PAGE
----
Across ethnicity, there were no differences in RE and AL for any year before myopia onset. At and after onset, Asian became-myopic children tended to have a more myopic RE, longer AL, and more relative peripheral RE as compared to Hispanic, African-American, and White became-myopic children.
This study’s strengths lie in the strict inclusion criteria, which allowed for clearer contrasts to be drawn between the emmetropic and became-myopic groups. Additionally, to improve generalizability respecting ethnicity, four clinic sites were added to recruit African American, Asian, and Hispanic children. However, the study was weakened as the prescription for what was considered myopia was somewhat suboptimal. It was likely too early or late for some children, considering that 11.5% received refractive correction 1 year prior to “myopia onset,” and 34.5% did not wear correction even 2 years later.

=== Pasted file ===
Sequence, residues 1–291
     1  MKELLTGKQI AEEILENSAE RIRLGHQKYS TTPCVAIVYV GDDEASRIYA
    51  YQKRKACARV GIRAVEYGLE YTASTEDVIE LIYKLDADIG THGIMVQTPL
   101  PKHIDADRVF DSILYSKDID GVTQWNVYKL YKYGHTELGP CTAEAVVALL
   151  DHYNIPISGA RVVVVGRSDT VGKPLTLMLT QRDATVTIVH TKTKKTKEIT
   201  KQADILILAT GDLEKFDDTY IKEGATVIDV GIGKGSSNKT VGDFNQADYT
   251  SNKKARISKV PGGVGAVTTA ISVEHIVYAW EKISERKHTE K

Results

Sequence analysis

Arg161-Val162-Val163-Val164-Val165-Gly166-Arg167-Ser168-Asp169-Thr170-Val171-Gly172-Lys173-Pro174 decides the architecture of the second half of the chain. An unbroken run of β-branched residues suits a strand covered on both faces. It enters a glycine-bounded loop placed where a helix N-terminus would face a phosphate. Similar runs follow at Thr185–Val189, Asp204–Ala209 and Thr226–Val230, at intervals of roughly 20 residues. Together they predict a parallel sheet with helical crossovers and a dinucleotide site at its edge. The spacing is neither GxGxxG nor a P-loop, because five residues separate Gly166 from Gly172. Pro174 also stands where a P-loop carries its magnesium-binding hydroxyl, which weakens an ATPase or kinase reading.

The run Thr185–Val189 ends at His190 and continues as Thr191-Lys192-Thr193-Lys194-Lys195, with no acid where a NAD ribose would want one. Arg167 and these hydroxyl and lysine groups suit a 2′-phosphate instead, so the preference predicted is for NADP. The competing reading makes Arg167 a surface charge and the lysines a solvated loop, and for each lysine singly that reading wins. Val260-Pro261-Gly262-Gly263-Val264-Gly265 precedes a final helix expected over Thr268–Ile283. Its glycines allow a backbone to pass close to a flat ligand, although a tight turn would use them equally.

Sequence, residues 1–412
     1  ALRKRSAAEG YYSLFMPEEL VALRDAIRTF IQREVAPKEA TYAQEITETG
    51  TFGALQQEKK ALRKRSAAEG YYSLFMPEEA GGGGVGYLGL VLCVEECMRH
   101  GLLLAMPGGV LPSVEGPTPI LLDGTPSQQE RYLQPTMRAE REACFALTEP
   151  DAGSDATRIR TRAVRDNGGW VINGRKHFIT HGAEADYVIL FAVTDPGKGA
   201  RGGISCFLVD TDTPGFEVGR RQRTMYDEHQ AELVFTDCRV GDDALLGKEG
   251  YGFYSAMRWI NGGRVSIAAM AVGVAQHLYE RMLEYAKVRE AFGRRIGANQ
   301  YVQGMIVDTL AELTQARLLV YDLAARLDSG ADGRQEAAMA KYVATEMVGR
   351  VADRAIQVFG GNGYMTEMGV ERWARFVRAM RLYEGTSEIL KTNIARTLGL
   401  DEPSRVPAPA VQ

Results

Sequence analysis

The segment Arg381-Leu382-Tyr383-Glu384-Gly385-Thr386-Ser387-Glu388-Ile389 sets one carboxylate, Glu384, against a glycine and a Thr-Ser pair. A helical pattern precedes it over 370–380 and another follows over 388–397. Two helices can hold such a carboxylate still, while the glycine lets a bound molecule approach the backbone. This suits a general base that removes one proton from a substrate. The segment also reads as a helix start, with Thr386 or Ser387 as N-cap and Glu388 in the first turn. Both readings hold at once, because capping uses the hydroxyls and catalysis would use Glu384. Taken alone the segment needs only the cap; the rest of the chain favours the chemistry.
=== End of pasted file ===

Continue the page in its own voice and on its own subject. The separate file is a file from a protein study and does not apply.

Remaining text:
To conclude, Mutti et al. 2007 suggests that more negative RE, longer AL, and increased relative peripheral hyperopia occur 2-4 years before myopia onset. Unfortunately, this window of opportunity is brief. This presents a significant challenge for clinicians since the findings are better suited to pointing out potential predictive factors for future analyses rather than specific prognoses.
Refractive Error, Axial Length, and Relative Peripheral Refractive Error Before and After the Onset of Myopia
Donald O. MuttiJohn R. HayesG. Lynn MitchellLisa A. JonesMelvin L. MoeschbergerSusan A. CotterRobert N. KleinsteinRuth E. MannyJ. Daniel TwelkerKarla Zadnik
Purpose: To evaluate refractive error, axial length, and relative peripheral refractive error before, during the year of, and after the onset of myopia in children who became myopic compared with emmetropes.